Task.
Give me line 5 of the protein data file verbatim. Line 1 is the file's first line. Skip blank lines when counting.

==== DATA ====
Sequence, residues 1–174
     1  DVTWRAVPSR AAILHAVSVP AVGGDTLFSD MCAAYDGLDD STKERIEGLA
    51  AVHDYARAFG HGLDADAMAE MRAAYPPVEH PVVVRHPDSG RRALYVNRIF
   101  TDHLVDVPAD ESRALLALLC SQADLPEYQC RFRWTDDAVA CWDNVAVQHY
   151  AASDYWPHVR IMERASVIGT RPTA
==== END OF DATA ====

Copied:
   151  AASDYWPHVR IMERASVIGT RPTA